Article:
Joyce nodded. “Well, yes. Now that I understand more about that time and what you were facing, I realize that something as simple as being in a relationship with a somewhat older and less than clean-cut man would have been preferable to what was really going on. And that, at the time, you and Spike had been enemies until that other vampire—” Buffy rolled her eyes at Joyce’s refusal to use Angel’s name. “—made it necessary for you to join forces.”
They exchanged rueful grimaces, recalling the time it had taken for them to rebuild their relationship after Joyce had essentially told Buffy not to come home if she was going to insist on being the Slayer. They were silent for several minutes while Buffy wandered into the kitchen to pour herself a glass of ice water.
She turned around to smile at Joyce. “And now you and Spike are best buddies.”
Joyce laughed and shook her head. “I would hardly say that.” She sighed deeply. “Although I have to admit, if I were a few years younger....”
Buffy spit water all over the counter in front of her. “Mom!”
“What? I’m not a nun, you know. And now that I know him better, I can see that Spike is quite an attractive man... er, vampire.”
“In the first place,” Buffy spoke in a modified shriek. “He is over 100 years old! And... and... you’re my mother! You can’t like Spike!”
Joyce held her mildly curious expression for a full minute before collapsing in giggles.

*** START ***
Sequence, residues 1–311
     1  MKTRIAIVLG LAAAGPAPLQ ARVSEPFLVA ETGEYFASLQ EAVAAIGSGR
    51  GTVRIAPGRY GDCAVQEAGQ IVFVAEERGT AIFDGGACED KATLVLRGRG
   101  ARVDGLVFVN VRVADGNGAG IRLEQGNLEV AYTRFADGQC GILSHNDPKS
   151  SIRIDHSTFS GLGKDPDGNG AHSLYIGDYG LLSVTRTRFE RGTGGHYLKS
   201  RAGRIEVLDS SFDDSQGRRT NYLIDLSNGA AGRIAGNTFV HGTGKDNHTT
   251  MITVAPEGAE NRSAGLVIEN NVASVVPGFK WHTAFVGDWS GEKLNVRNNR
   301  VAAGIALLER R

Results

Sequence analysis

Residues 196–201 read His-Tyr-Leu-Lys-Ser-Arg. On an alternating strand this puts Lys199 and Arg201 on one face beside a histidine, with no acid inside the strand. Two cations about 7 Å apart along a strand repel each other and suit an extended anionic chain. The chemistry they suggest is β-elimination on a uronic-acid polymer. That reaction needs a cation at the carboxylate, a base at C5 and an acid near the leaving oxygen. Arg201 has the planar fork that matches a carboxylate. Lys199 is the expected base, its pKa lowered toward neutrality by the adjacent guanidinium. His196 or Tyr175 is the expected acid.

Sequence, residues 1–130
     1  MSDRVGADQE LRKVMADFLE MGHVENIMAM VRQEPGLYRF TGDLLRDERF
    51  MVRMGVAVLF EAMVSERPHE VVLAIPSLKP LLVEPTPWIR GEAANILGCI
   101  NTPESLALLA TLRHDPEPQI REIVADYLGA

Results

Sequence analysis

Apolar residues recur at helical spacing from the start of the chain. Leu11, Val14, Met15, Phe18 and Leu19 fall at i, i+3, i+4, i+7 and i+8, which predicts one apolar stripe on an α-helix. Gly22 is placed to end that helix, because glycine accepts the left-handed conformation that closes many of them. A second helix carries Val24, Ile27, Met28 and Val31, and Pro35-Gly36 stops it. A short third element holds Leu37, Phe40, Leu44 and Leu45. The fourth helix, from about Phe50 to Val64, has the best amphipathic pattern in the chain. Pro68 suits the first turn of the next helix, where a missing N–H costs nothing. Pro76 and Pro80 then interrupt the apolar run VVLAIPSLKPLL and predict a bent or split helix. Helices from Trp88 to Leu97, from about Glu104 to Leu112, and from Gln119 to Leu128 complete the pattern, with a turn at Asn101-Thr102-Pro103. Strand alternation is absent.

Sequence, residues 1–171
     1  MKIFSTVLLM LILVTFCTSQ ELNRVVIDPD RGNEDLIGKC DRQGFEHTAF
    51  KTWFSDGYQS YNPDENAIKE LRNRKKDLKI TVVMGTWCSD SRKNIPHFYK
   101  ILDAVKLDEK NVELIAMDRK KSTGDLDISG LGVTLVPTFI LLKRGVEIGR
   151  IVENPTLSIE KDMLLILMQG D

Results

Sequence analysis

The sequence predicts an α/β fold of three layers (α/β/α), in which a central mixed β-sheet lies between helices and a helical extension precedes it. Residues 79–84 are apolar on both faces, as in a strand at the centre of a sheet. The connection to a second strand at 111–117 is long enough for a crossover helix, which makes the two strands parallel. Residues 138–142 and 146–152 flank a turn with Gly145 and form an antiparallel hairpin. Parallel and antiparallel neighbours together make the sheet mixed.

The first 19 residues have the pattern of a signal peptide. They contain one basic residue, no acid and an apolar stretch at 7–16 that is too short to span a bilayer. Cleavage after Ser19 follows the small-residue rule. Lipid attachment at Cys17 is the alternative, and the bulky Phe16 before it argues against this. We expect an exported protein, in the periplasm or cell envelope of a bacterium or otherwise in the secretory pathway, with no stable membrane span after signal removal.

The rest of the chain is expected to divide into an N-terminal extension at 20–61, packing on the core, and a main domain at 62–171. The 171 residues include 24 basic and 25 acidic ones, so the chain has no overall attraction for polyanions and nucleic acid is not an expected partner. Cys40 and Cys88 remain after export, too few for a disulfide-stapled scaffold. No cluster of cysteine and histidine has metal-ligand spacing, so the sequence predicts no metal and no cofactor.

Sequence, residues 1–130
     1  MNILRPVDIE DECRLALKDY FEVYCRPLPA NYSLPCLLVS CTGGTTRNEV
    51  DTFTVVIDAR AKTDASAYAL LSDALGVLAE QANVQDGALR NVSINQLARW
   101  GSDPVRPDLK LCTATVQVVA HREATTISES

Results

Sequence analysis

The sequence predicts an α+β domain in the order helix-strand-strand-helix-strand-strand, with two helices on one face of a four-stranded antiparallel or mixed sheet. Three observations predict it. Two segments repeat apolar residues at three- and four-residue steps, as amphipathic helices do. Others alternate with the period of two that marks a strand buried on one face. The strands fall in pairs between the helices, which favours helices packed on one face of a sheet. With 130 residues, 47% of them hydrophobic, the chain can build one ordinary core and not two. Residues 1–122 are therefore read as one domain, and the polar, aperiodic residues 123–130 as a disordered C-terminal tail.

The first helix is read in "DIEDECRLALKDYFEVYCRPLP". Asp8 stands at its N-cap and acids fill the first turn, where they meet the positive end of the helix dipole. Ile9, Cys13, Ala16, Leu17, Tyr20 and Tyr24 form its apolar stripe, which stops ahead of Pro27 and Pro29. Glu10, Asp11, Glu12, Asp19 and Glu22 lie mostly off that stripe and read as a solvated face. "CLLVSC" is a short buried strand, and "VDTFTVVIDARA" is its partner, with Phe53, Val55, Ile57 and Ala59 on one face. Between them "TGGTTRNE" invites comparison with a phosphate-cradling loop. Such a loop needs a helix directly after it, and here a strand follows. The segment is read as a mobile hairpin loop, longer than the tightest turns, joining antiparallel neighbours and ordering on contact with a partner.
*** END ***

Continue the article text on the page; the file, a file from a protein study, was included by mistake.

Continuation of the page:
“I’m just teasing you, Buffy. But Spike has been here for hot chocolate and female companionship several times. I think he’s been a bit lonely without Dru and with being unable to behave like a true vampire.” She gave Buffy a shrewd glance. “And, if I’m honest, I’d guess he was hoping you would be here many of those times.”
Buffy sighed and refilled her glass. “I suppose he was – but how did you...?”
“The way he talks about you... all the time... and just... I don’t know. Call it a mother’s intuition. I take it my intuition is correct?”
Buffy sighed again. “Yes. It is. But I didn’t know that until yesterday.”
“And nothing. I don’t know. I can’t worry about it now. I need to take a nap and try to get healed up so I can get back to work. Just in case that crazy skank shows up again and I have to fight her.”
“All right, honey. I have to go to the gallery for a while, but if you need anything, call me. Okay?”
“I’ll be fine. And if I need something, I’ll just make Dawn get it for me.”
“She won’t be home for a while. I believe she said she was going home with Janice after school.”
“Oh. Well, that’s okay. I’ll be fine.”